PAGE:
Taylor acknowledges the truth of what they have said, but he believes it’s important to remain optimistic, and he believes he sees reason for optimism. He seeks a middle path between those who see modernity as decline and those who see it as liberation. He believes that both the “boosters” and the “knockers” of modernity are right–that our present condition includes much that is admirable as well as much that is frightening. Our best course is to try to develop the former and avoid the latter.

He has a Roman Catholic background, and he is well-schooled in modernity, and it’s not clear to me what, finally, he makes of either tradition. He seems to want to be thought of as “one of us” by both camps. I have some sympathy with that attempt. I grew up in a Christian cosmos but through much of my college and grad school periods I was somewhat in thrall to the modernists. Certainly I learned things from modernity that seem true to me, and thus are now part of the Christian way of seeing things that I haven’t abandoned. So I would like to see Taylor’s project succeed, to help me bring together aspects of my own mind that I can’t always harmonize. I’ll say a little about how well I think Taylor succeeds later.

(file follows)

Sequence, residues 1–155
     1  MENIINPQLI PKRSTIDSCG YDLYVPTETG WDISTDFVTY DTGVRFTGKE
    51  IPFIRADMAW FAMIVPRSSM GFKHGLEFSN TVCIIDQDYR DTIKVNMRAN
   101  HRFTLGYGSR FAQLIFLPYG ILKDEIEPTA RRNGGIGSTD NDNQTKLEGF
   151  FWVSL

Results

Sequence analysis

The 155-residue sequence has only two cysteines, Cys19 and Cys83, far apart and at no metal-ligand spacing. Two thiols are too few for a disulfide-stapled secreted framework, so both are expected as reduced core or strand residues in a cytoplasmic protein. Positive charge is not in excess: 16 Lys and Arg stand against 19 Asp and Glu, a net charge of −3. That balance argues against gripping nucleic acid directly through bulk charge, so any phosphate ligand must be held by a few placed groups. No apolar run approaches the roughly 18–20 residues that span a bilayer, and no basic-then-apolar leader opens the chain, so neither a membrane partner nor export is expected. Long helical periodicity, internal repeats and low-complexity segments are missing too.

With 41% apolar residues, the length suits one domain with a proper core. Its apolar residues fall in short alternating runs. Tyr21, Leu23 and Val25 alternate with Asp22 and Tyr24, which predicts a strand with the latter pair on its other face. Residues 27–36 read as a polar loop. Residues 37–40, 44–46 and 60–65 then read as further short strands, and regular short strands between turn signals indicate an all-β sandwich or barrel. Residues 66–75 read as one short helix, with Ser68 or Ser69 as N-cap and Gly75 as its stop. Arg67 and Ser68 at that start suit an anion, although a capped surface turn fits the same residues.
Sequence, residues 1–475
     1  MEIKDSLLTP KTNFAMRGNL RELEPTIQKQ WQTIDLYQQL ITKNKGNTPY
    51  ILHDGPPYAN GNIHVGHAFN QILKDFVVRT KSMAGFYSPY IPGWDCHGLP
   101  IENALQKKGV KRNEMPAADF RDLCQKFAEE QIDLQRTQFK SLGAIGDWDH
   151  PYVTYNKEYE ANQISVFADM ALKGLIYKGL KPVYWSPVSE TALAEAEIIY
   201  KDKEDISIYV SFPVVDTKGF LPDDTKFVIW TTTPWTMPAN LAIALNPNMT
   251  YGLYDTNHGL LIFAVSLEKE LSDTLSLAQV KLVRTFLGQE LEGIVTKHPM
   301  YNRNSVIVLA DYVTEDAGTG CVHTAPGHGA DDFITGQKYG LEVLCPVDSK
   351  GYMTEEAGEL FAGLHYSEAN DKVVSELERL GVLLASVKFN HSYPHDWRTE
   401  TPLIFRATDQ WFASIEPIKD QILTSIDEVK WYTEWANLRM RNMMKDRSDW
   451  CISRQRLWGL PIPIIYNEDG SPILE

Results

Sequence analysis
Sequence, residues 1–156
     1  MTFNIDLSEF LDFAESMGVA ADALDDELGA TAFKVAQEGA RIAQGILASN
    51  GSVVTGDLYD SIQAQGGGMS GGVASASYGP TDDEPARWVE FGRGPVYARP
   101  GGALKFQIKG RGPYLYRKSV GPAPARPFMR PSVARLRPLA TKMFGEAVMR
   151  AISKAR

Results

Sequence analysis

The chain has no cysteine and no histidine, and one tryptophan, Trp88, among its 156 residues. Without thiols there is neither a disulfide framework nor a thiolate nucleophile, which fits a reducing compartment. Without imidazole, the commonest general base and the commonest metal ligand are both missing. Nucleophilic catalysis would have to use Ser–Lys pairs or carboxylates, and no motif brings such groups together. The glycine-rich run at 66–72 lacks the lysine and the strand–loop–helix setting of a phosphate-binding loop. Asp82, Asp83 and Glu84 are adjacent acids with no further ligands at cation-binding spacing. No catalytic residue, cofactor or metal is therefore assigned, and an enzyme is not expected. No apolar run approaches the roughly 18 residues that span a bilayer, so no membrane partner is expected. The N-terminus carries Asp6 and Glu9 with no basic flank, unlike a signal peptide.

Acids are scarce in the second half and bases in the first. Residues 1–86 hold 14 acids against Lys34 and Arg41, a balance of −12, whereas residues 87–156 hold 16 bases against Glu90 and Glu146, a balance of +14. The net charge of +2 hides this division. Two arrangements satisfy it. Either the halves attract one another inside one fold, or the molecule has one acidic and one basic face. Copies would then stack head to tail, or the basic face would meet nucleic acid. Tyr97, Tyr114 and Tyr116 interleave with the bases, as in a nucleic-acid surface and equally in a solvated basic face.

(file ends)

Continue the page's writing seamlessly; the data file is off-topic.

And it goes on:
For now, a quick synopsis of Chapter 1 might be enough. Taylor argues that the when modernity dissolved belief in the old moral orders it left us with three malaises: a loss of meaning, a loss of purpose, and a loss of freedom.

The loss of meaning was brought about by the fading of moral horizons which gave meaning to our actions. In a reality where the old moral order has faded and the individual has become primary, there appears to be little beyond the self that has meaning. It then becomes difficult or impossible for anything the self does to matter very much. Nothing is worth dying for. There are no real occasions for passion. We may end wanting little more than what Nietzsche called “pitiable comfort.”